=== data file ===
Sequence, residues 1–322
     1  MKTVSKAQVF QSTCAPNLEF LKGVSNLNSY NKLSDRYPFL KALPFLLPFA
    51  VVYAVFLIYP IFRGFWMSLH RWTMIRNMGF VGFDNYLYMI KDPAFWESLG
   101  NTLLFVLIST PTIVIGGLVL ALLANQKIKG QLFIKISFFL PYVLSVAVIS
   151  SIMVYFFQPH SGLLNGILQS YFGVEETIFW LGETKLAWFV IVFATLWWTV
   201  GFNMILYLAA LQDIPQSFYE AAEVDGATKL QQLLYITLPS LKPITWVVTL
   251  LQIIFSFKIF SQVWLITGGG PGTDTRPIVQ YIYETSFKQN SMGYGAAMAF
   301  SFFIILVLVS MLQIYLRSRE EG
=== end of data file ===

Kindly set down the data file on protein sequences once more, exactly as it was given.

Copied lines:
Sequence, residues 1–322
     1  MKTVSKAQVF QSTCAPNLEF LKGVSNLNSY NKLSDRYPFL KALPFLLPFA
    51  VVYAVFLIYP IFRGFWMSLH RWTMIRNMGF VGFDNYLYMI KDPAFWESLG
   101  NTLLFVLIST PTIVIGGLVL ALLANQKIKG QLFIKISFFL PYVLSVAVIS
   151  SIMVYFFQPH SGLLNGILQS YFGVEETIFW LGETKLAWFV IVFATLWWTV
   201  GFNMILYLAA LQDIPQSFYE AAEVDGATKL QQLLYITLPS LKPITWVVTL
   251  LQIIFSFKIF SQVWLITGGG PGTDTRPIVQ YIYETSFKQN SMGYGAAMAF
   301  SFFIILVLVS MLQIYLRSRE EG